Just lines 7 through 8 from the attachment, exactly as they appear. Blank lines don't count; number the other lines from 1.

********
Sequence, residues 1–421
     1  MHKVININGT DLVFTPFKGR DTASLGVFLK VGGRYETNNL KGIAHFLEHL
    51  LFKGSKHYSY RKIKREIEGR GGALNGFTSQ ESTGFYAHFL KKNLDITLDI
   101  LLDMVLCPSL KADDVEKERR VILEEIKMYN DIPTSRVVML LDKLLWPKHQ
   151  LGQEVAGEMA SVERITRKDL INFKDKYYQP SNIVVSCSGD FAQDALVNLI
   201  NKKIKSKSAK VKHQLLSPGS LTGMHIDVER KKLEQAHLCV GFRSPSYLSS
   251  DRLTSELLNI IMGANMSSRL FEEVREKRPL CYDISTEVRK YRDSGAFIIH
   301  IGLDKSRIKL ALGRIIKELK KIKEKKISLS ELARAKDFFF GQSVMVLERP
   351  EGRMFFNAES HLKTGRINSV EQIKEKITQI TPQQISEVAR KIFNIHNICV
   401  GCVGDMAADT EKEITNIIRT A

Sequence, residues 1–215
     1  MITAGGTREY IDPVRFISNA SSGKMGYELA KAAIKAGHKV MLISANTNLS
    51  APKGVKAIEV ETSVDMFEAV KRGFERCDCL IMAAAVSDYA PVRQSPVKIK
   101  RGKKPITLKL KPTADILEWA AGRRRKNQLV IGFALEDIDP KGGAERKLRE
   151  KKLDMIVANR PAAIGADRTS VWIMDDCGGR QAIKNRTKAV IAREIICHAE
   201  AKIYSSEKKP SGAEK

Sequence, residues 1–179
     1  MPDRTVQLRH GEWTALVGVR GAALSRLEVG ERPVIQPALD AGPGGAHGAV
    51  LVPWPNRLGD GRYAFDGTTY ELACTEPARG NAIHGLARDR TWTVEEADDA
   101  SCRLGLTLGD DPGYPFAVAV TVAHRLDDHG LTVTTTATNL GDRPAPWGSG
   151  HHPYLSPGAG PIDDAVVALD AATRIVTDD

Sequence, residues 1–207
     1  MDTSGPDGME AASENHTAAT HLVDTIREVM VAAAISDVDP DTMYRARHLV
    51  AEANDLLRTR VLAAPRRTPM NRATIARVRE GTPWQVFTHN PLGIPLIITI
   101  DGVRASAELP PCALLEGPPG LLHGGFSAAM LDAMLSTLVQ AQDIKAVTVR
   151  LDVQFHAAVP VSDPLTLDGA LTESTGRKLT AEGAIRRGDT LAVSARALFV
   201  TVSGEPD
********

   251  DRLTSELLNI IMGANMSSRL FEEVREKRPL CYDISTEVRK YRDSGAFIIH
   301  IGLDKSRIKL ALGRIIKELK KIKEKKISLS ELARAKDFFF GQSVMVLERP